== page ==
Illustration by Lida Ziruffo
Read Jo’s perspective on stepping into this season with a mindset of moving forward—to better see joy, gratitude, and beauty in our world.
a time for forward motion
by joanna gaines
When we landed on the theme of forward motion over a year ago, I envisioned talking a lot about personal risk and growth and trying new things. But as we spent more and more time peeling back the layers, I kept coming back to the idea of progress as a culture—how we, as human beings, can find ways to move forward together. Because lately, it feels like we’re stuck.
Mostly by where we find ourselves: living in a world where drama and division are offered up as a source of cheap entertainment. Where every day can feel like a battle, trying to reconcile messages of beauty and growth and connectedness with those of ugliness, destruction, and conflict. Stuck wondering how we got here and where we go next. Whether you think you’ve played a part or not, I think it’s fair to say we’ve all been caught in the crossfire. Things get thrown at us so quickly and so recklessly that it can feel like we’ve been robbed of our depth perception, seeing only what’s visible on the surface. And at times, as a result, we’ve gone on to assume intent, guess motive, and hypothesize meaning. We’ve traded grace and generosity for fast assumptions and false accusations.
This year is proof. I bet we can all take a look around our own lives and see its effect—reckless words that have hurt us, people we’ve hurt with reckless words, moments we were misjudged or were too quick to pass judgment on someone else.
Times that we’ve fought first, thought second. Part of me wonders if social media, or the sport of scroll and click, has shifted the way we approach understanding one another. If the quickness of it all and the immediacy that we’ve learned to live by—the ability to approve or dismiss with a tap of a button, to comment quickly and without a filter, to click and read only the catchy headline—have weakened our ability to see deeply and hear genuinely what others have to say. More than anything, I wonder if it’s lessened how much we try.
It’s as if somewhere along the way we forgot that we are real and complex human beings whose stories run deep and that sometimes the truth sits below the surface.
Some years ago, Chip and I found ourselves in a world we’d never known with no instructions or road map. When our show took off, we couldn’t have imagined all the beauty and blessings that would follow for us and for our family—all of which we’re continually grateful for. But it didn’t take us long to realize that being a part of this new reality also meant being a part of the news cycle. Stories get written about us, about our family, our plans, our supposed beliefs and politics. We’ve been through it enough now to know that it’s just part of the territory, and a lot of times it’s so unbelievable we can’t help but laugh. But every now and then, a headline or story will strike a nerve regardless of how off the mark it may be. Those times are harder to reconcile because we’re human, and the idea that “it’s just part of the territory” doesn’t make untrue accusations any less painful.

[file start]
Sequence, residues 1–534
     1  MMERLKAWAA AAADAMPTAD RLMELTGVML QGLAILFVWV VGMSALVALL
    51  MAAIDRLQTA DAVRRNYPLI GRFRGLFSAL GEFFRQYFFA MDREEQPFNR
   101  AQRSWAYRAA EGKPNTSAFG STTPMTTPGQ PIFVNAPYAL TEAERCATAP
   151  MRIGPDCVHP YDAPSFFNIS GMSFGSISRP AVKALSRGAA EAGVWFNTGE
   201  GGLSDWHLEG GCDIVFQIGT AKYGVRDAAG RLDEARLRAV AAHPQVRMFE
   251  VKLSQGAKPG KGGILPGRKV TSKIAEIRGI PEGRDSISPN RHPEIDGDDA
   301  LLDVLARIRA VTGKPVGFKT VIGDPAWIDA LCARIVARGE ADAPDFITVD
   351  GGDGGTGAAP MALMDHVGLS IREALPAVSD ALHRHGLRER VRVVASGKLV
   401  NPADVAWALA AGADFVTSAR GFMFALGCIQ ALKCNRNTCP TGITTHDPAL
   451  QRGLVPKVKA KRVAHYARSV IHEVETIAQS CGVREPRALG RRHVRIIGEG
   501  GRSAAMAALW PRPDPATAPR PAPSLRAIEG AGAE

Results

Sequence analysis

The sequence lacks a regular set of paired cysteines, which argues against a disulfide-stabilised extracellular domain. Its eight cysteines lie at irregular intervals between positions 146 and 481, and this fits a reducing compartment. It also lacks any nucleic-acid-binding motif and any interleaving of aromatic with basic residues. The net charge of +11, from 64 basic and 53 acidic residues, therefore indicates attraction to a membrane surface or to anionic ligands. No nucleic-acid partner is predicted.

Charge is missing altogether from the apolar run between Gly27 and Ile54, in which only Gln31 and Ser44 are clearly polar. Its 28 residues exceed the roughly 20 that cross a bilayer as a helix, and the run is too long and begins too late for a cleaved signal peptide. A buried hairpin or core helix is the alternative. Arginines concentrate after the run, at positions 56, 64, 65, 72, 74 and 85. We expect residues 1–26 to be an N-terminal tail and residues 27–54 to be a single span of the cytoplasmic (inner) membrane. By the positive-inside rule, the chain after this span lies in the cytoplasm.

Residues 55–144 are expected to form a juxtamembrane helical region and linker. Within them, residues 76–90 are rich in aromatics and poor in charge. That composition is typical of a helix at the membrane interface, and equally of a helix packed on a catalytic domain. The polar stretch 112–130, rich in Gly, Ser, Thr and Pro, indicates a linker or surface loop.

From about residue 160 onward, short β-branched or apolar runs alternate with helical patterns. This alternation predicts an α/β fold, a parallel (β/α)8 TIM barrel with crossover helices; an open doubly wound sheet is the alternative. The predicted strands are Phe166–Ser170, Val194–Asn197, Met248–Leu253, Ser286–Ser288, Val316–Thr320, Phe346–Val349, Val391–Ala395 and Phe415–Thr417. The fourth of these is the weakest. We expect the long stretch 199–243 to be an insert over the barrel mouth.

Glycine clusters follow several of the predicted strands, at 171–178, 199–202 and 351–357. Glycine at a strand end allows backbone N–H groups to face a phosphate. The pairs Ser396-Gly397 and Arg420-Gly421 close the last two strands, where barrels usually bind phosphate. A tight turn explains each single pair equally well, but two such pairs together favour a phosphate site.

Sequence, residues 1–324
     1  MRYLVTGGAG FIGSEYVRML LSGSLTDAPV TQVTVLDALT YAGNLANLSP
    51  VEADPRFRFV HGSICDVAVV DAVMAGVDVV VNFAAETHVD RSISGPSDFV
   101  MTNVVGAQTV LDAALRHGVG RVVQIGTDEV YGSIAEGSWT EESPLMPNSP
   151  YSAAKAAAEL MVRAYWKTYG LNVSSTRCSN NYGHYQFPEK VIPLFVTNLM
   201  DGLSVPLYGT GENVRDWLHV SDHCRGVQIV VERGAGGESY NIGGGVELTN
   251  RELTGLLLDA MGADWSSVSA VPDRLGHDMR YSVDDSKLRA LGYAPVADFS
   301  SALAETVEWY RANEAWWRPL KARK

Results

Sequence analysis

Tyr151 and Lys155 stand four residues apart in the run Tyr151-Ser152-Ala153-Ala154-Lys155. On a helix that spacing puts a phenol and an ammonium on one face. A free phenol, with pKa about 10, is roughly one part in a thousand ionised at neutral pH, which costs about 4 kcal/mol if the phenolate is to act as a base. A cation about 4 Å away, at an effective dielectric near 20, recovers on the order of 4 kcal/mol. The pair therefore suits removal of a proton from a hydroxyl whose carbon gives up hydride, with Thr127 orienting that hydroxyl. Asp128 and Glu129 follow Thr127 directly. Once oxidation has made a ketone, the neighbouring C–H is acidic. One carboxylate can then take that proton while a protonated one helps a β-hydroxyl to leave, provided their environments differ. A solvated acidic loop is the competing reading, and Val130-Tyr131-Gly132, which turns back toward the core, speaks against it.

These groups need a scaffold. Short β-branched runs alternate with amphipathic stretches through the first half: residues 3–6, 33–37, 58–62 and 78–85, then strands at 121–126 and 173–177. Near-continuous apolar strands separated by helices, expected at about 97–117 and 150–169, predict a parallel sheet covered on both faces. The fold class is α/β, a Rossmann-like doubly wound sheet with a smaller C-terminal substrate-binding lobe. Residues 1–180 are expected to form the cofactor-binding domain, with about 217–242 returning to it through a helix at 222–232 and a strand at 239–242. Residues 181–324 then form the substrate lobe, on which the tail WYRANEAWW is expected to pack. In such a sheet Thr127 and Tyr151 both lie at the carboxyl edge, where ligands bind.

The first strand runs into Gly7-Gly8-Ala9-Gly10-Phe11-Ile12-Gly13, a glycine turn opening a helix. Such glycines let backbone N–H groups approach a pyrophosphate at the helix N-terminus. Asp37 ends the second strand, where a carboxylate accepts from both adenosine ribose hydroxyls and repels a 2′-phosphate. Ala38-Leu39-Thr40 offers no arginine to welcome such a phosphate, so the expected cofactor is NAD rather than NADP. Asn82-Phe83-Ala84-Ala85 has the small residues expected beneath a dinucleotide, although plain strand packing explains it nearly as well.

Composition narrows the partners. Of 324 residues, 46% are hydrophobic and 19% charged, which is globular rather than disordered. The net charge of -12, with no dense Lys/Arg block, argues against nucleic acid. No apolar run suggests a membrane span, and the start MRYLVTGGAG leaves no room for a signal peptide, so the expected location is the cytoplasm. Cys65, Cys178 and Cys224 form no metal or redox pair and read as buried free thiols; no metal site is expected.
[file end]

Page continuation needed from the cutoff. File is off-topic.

Chip is so much better at this than I am. When it’s clear that it’s nothing more than someone who knows nothing about us poking us where it hurts, he can let their comments roll off his back. He can keep moving forward. Then there’s me, the one who wants to right the wrong. Who wants to call foul because I thought we all knew to play fair.
I know I’m not the only one who has felt this way—misunderstood, misrepresented, missed altogether. Not by a long stretch. And I don’t know about you, but I’m sick of feeling stuck in the muck and mire of a social culture that is robbing us all of deep and true connection—of joy, peace, honest understanding, and empathy.
Maybe you are too. And maybe now is the time to declare that we’re not willing to give that up. Not yet. Not when they are the very things that make life worth living and loving.
We have somehow fooled ourselves into thinking that real connection is too hard to come by these days. But I’ve witnessed too many moments that prove otherwise. A shared moment of beauty, a glimpse of humor, of lightness, of heroic pursuits, of people living for one another—and I’m convinced all over again that there is more light than dark, more life than death, more hope than anger, more joy than sorrow, more gratitude among us than we sometimes remember. So let’s fight for a world that won’t so easily forget. A world that is slow to anger and rich in compassion. A world that would rather be loving than be right. A world that keeps moving forward. And I can think of no better time than now.
This story was adapted for digital from the fall issue of Magnolia Journal.